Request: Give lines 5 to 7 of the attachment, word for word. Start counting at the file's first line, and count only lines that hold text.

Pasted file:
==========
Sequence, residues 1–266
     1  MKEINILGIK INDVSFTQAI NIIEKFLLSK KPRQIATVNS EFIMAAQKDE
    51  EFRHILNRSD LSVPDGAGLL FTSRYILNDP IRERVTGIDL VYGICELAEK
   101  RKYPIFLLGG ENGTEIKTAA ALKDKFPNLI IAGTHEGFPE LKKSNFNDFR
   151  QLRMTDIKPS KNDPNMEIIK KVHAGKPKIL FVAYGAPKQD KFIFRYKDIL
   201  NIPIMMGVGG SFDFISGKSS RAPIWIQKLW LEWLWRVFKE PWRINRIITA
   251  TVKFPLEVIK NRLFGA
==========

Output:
   151  QLRMTDIKPS KNDPNMEIIK KVHAGKPKIL FVAYGAPKQD KFIFRYKDIL
   201  NIPIMMGVGG SFDFISGKSS RAPIWIQKLW LEWLWRVFKE PWRINRIITA
   251  TVKFPLEVIK NRLFGA